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5.3. Poplar Tutorial 3: Writing Vertex Code

In this tutorial we will look at how compute steps are built up from running pieces of work (the vertices of the compute graph) in parallel as compute sets. The process for constructing compute sets described here is the same method that the PopLibs libraries use. To learn more about vertices, please refer to our Poplar and PopLibs User Guide: Understanding Vertices.


In order to run this tutorial on the IPU you will need to have a Poplar SDK environment enabled (see the Getting Started Guide for your IPU system).

You will also need a C++ toolchain compatible with the C++11 standard, build commands in this tutorial use GCC.

Writing vertex code

Using tut3_vertices/start_here as your working directory, open tut3.cpp in an editor. This file has an outline program like tutorial 2, but does not use the PopLibs libraries. Instead, we will write the device code for the vertices in C++.

The program initially adds two 4-element vectors to the graph (v1 and v2). The code we are going to add will set each element of v2 to the suffix sum of v1. So v2[0] will contain the sum of all the elements of v1, v2[1] will contain the sum of the elements of v1, starting at element 1, and so on.

Creating a codelet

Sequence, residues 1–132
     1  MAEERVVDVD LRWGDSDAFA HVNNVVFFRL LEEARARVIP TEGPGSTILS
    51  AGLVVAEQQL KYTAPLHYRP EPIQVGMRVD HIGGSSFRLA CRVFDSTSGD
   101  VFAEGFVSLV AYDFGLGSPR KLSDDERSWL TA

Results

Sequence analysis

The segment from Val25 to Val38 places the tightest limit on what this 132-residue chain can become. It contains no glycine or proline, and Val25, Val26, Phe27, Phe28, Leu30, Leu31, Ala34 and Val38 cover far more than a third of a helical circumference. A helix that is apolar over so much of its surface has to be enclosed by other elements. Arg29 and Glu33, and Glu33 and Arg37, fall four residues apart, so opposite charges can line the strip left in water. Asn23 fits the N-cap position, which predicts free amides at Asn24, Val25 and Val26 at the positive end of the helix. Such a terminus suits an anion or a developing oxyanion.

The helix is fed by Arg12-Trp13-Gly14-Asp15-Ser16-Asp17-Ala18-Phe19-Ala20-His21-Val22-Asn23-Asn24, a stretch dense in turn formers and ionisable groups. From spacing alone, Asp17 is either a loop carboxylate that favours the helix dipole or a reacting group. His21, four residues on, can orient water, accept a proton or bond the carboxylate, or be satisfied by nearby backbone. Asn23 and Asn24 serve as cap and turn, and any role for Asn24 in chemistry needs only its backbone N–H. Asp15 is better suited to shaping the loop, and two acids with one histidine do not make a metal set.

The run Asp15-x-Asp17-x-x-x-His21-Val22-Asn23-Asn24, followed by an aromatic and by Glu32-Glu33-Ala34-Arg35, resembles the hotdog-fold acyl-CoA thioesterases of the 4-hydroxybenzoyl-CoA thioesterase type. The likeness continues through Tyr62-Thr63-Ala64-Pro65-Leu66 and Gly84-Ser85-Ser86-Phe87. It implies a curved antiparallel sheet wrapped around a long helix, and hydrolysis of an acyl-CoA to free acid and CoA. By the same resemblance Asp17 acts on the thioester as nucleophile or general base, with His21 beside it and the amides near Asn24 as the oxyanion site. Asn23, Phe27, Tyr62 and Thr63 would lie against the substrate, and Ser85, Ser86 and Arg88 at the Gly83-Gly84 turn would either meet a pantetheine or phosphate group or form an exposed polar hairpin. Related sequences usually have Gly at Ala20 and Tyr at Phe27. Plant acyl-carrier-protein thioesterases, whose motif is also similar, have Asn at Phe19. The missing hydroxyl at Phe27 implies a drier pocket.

To implement this operation, we have to write some code to run on the device, known as a codelet. A file is provided for this in the tutorial directory, called tut3_codelets.cpp. Make a copy of this file in your working directory.

  • Add the following code to tut3.cpp after the graph object is created:

    // Add codelets to the graph

This instructs the host program to load the device code into the graph and compile it to run on the device.

Inside tut3_codelets.cpp is the outline of a codelet. Like all Poplar codelets, it is a C++ class derived from the poplar::Vertex class, with a single member function called compute. This function defines the work done by the vertex. The compute function returns true to indicate successful completion.

We’ll add code to this vertex to take in a set of numbers and write out the sum of those numbers.

  • Alter the class in the codelets file, adding the following fields to the vertex definition:

    class SumVertex : public poplar::Vertex {
      // Fields
      poplar::Input<poplar::Vector<float>> in;
      poplar::Output<float> out;

The fields named in and out represent the vertex’s connections to external tensors. They are used in the body of the compute function to read and write the tensor data being operated on.

  • Fill in the body of the compute function to calculate the output as the sum of the inputs:

    // Compute function
    bool compute() {
      *out = 0;
      for (const auto &v : in) {
        *out += v;
      return true;

Note that the out field can be updated even if the destination tensor is on another tile. This is because the vertex operates on a local copy of the data. The final result is transferred to the destination tile in the exchange phase after the compute is complete.